He stood at the stoplight at the bottom of the freeway exit ramp. Dirty, disheveled, most if not all of his worldly possessions in a few bags at his feet. He held a scrawled cardboard sign: “Homeless: Just tryin’ to survive.”
I watched him from about four cars back. Interesting touch, I thought, making note of the dropped “g.” With an apostrophe, no less! That’s when my son spoke up: “Why isn’t anyone giving him money?”
Why, indeed? Had I become so jaded that I took it for granted that no one gives money to beggars on street corners?
It’s a common dilemma. I lived and worked in Manhattan in the mid-’80s, during the height of the crack epidemic. One encountered three or more dirty, disheveled beggars on every block, each holding the ubiquitous blue-and-white Greek coffee shop paper cup. When I first moved to the city, I was genuinely torn as I walked down the street; even if I was so inclined, I did not have enough money to give to everyone who asked. In those first days, I put a few quarters in a few cups. But a few days later I saw one of my beneficiaries staggering down the street, drunk out of his mind. I had no doubt where my quarter had gone.
That’s when I stopped giving money. A few offers to buy a meal were turned down. That solidified my resolve. And when a woman in a full-length fur coat gave me a sob story about how she’d just inherited the coat and wouldn’t part with it because it was her aunt’s favorite coat … blah blah blah, so could you please give me some money, I just walked by, giving her barely a glance. Living in the city had hardened me.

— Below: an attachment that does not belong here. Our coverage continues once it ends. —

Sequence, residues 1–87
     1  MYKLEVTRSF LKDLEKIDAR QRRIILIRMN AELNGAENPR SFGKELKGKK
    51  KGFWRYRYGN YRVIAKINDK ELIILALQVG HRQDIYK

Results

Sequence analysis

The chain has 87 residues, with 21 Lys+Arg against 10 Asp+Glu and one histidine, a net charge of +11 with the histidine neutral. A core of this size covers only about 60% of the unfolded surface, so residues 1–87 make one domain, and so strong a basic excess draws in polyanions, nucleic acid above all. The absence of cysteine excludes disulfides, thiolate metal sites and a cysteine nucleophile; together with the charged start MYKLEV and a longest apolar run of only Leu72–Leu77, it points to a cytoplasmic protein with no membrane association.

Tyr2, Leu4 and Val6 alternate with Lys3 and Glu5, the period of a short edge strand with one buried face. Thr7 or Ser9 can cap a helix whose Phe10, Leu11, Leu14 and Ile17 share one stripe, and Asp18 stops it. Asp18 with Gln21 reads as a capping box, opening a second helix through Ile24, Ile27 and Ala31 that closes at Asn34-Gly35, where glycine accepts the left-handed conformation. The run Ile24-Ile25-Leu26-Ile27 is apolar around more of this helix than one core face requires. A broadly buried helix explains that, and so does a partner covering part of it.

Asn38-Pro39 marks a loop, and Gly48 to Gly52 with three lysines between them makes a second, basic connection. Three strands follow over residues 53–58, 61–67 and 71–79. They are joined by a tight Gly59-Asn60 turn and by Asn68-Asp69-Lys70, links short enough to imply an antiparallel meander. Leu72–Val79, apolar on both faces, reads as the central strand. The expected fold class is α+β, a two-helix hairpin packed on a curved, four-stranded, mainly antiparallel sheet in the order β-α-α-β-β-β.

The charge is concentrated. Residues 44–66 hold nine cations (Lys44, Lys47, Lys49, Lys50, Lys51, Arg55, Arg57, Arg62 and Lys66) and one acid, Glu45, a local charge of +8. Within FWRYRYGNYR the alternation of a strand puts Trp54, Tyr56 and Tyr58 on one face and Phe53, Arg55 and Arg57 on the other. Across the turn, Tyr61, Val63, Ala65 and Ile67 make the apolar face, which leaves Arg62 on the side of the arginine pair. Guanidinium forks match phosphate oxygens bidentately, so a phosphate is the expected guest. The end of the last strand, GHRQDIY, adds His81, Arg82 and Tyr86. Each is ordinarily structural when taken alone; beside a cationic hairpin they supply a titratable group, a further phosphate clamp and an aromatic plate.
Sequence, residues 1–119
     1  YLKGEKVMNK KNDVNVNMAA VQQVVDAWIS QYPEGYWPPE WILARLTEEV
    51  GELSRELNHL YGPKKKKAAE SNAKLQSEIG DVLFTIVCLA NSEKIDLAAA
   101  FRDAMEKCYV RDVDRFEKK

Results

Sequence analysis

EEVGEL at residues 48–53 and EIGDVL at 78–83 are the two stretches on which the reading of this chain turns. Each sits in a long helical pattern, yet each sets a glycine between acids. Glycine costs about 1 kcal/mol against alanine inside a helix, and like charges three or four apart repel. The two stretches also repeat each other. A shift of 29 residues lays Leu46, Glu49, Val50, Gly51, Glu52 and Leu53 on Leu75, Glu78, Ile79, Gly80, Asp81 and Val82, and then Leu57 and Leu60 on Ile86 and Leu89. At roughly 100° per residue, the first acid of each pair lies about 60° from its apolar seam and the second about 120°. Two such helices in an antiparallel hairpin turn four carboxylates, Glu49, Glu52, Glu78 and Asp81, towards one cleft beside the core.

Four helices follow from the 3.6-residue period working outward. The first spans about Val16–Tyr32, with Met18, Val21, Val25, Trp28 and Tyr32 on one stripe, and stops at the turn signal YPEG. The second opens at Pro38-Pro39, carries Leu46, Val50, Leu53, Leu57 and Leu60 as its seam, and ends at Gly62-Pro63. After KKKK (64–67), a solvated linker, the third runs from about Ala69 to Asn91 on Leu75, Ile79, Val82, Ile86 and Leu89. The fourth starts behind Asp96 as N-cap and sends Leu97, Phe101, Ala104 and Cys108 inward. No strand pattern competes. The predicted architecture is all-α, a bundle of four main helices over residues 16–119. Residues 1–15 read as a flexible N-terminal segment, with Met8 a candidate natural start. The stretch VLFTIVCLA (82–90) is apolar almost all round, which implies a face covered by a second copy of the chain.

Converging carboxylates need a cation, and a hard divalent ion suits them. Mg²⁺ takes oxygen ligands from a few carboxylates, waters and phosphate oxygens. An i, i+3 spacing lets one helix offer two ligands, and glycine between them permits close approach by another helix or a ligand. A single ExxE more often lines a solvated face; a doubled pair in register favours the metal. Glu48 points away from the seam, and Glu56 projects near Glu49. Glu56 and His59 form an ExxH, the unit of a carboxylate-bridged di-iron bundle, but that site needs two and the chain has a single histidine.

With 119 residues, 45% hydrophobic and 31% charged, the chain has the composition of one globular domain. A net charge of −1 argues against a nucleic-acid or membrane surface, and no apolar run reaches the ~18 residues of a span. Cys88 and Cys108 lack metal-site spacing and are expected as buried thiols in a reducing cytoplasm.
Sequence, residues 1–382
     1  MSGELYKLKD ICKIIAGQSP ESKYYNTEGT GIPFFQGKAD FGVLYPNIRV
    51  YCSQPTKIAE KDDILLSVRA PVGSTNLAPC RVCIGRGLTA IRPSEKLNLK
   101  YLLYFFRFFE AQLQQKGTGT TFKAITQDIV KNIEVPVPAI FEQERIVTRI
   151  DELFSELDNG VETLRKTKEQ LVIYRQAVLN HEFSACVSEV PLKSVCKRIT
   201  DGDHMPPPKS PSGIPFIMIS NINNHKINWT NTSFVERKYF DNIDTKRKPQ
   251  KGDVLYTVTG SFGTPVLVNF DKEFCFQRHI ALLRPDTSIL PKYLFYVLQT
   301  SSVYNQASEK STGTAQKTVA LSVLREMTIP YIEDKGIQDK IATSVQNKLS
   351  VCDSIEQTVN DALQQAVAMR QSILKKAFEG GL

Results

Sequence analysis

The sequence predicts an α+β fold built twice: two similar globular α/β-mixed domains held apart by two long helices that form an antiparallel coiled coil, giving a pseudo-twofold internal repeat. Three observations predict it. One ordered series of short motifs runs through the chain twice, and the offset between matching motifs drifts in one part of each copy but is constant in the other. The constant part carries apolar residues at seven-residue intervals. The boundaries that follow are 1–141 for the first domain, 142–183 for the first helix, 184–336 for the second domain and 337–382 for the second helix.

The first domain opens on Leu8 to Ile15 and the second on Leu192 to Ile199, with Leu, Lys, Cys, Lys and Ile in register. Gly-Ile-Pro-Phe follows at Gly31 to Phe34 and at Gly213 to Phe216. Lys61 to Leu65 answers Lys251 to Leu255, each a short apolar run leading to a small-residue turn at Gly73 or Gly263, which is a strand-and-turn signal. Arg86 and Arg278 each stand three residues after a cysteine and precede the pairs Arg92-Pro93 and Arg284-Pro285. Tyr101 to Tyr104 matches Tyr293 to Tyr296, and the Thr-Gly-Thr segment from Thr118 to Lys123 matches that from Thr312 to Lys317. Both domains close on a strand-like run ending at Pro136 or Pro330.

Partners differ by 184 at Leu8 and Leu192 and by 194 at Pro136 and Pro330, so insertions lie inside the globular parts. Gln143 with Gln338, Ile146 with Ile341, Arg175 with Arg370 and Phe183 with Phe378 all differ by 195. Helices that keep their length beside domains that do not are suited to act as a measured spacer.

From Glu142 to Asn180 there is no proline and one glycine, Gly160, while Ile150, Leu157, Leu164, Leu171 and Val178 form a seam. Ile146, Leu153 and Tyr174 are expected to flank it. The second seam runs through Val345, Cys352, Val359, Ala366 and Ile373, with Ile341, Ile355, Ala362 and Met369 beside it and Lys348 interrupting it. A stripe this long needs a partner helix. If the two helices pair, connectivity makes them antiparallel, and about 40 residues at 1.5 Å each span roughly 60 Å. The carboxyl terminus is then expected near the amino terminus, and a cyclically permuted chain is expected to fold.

Twenty-plus years later, I had taken a purely clinical approach to the man at the bottom of the freeway ramp. My son, alas, had not yet been hardened.
I’m still not sure how to think about this. There are Jesus’ words in Matthew 25:45: “I tell you the truth, whatever you did not do for one of the least of these, you did not do for me.” Those words are a dagger to the heart every time I think of how callous I’d become in New York — and on the freeway ramp.
But then I read the apostle Paul’s words in 2 Thessalonians 3:10: “If a man will not work, he shall not eat.” The homeless man was young and able-bodied, and surely he could find work somewhere. Giving money to beggars merely encourages irresponsible behavior.
But then …
I can go back and forth on this forever. One thing I can do is to give generously to organizations such as the Salvation Army, Samaritan’s Purse or Compassion International that are able to pool resources and do genuine good for the least of these — no equivocating or questions asked.